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On my way up on this return visit I had been wondering if the effect would be as strong as the first time.  I think it must be like wondering about falling in love for the second time.

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Even if you’re not afraid of heights, it is rather unnerving to approach the surprisingly low stone balustrade.

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It is even more unnerving to stand by the sections where an open wrought iron fence
is all that separates us from the Gulf of Salerno 300 metres below.

At the western edge of the Terrazzo dell'Infinito.

View from the western edge of the Terrazzo dell’Infinito.  Positano lies beyond one of those ridges.

Eventually, and only because I really wanted to see what else Grimthorpe and his tailor had come up with, I dragged myself away from the terrace.

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Just a few steps away a staircase led down to a shady, wooded area.  The contrast was almost unsettling.  A path lined with some rather straggly lavender – I couldn’t help wondering how much bloom there would there be down here – led to a temple-like structure.

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The Temple of Bacchus.

In his will – he died in 1917 just after the garden was completed – Lord Grimthorpe stipulated that his ashes were to be buried, not next to those of his wife, but at the foot of this satyr carrying Bacchus, the raucous god of wine and debauchery.

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Hermes bis.
What was it about this Greek god and this pose?

Close by was a familiar statue.  You don’t have to be an expert in sculpture – I’m certainly not – to see that it’s essentially a duplicate – minus a hand – of the one at Villa San Michele.  When Munthe found out about the copycat statue – southern Italy was a small world even then – would he have been flattered or annoyed?  Since they’re both copies – the original is in the National Museum in Naples – he couldn’t have put up much of a fuss.

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I almost missed the inscription on the stone wall next to Hermes.

Enough of this shady grove.  Time to head back up to the sun.  As I wandered around looking for the way up, I came across a beautifully winding path lined with boxwood.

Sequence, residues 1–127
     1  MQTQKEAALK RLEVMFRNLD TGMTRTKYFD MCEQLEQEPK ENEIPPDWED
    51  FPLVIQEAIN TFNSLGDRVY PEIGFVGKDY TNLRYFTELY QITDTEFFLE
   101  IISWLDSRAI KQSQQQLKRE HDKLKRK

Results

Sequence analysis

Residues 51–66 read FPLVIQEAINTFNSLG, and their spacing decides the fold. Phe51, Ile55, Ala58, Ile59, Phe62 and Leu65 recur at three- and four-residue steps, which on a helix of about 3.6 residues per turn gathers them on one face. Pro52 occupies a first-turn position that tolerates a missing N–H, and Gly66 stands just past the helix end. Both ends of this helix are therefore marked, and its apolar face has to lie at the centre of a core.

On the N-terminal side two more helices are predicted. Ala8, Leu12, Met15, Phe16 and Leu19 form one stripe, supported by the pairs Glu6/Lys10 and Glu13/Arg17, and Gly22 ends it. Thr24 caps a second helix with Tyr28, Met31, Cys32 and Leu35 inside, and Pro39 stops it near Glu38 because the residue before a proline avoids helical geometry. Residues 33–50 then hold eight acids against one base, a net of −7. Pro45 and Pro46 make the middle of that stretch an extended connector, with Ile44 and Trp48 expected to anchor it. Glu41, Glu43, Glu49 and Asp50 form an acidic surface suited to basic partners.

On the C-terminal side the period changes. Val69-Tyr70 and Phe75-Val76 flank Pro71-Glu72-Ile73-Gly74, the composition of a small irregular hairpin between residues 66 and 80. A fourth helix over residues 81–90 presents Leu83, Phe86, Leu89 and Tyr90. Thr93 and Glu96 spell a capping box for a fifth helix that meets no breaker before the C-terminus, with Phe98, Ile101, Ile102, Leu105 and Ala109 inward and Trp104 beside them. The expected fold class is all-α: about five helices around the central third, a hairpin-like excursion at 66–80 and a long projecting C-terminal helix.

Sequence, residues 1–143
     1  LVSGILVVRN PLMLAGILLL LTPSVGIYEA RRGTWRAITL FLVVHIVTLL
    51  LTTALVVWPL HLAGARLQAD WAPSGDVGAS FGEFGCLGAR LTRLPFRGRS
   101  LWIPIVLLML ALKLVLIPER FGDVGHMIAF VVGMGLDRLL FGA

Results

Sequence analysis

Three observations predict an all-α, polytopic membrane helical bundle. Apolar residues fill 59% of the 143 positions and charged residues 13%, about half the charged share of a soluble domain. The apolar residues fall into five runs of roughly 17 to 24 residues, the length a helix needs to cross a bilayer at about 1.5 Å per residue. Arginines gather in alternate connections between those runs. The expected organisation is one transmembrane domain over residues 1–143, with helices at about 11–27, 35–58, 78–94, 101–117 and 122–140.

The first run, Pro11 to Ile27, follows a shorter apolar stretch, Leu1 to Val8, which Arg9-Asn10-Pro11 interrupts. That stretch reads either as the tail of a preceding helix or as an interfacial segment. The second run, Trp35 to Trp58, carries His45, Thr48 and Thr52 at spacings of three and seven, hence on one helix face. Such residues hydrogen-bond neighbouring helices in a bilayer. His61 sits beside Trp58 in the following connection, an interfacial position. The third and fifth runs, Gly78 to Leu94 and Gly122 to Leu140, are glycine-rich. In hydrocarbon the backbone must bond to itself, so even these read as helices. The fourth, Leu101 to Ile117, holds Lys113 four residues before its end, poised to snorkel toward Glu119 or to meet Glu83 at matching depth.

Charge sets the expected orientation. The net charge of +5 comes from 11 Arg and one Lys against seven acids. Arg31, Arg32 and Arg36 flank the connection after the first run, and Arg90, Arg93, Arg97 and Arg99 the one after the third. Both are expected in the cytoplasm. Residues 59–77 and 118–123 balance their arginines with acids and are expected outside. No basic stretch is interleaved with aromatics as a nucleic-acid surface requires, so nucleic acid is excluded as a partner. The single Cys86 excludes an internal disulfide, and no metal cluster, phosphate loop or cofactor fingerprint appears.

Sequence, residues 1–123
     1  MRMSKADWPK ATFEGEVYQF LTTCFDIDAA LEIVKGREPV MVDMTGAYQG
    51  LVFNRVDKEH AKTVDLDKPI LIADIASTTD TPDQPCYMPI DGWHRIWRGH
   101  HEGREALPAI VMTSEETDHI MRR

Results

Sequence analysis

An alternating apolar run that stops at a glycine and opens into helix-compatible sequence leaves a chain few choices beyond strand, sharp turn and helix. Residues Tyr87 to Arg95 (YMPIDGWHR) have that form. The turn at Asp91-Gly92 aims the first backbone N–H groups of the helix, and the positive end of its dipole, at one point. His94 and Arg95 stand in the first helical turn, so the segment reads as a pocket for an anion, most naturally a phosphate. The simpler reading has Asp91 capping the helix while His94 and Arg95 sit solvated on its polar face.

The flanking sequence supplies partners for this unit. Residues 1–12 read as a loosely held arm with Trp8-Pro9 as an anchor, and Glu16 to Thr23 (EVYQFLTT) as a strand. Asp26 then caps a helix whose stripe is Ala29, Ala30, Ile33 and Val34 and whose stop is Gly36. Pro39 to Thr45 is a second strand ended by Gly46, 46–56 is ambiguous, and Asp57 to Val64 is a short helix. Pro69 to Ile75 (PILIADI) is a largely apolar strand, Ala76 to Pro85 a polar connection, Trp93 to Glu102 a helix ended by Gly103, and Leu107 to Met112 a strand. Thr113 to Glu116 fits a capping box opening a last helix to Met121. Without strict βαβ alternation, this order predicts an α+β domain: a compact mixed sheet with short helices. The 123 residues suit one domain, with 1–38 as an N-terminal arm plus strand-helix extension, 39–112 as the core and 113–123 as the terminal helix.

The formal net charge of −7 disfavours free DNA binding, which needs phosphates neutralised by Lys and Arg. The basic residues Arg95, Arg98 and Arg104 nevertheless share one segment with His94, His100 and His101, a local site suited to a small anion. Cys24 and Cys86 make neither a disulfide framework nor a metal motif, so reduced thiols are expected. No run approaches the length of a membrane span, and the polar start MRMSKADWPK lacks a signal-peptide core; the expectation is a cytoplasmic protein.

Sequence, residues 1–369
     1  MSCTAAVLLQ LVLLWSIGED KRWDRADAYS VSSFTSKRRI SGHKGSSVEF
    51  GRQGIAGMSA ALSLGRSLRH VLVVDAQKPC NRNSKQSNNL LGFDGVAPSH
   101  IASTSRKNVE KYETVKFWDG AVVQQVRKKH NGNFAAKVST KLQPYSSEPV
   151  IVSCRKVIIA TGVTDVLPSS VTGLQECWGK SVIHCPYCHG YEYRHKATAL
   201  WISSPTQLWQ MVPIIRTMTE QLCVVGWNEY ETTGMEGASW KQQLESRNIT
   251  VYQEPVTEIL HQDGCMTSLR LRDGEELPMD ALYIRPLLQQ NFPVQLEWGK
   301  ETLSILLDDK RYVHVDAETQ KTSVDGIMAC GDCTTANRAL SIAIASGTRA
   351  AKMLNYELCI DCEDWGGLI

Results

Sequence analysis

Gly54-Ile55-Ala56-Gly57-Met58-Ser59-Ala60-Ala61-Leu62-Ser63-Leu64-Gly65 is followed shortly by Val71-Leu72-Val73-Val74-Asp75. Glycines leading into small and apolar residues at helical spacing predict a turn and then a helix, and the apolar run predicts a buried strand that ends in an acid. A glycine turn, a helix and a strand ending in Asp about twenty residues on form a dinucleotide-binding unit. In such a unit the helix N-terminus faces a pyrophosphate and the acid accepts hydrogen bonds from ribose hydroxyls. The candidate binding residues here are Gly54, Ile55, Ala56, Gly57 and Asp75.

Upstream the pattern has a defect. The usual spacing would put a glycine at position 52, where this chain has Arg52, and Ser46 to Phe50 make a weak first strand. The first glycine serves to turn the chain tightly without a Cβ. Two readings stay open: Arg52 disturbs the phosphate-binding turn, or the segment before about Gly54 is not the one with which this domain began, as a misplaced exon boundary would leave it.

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A Neapolitan sculptor’s replica of Verrochio’s ‘David’ in Florence.

At one of the curves was a statue – an unmistakably Renaissance statue.  Even after all the jumbling of styles so far, this was a surprise.  The Renaissance was really only a northern phenomenon – barely registering on the psyche of southern Italy.  Spend enough time down here and you begin to feel as if it took place in another country – which is exactly the point of view shared by many Italians north of Rome.

Still looking for the way up.

Still looking for the way up.

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Brick-faced columns like those in the gardens of ancient Rome line the “Hydrangea Path”.

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Finally.

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Roses in the sun-drenched upper terrace.

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On the far left is one of the columns of the ‘Tea House’ – Grimthorpe’s favourite spot for his afternoon ‘cuppa’.

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From here he could look out over the rose garden planted with ancient English and French varieties.

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Even in May it’s obvious that growing roses here is a challenge.  I couldn’t even begin to imagine what the gardeners would have to do to keep them going over the sweltering heat of the long summer ahead. But it was easy to see why the Englishman would want to give them a try.

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Time to head for the exit.

The path to the exit.

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Above a stone bench near the exit, a verse from ‘The Rubaiyat of Omar Khayyam’.

The rather maudlin inscriptions scattered around the garden puzzled me. They seemed so at odds with the spectacularly beautiful garden. A sign of Grimthorpe’s struggle to reconcile his soul with the paradoxes of human existence?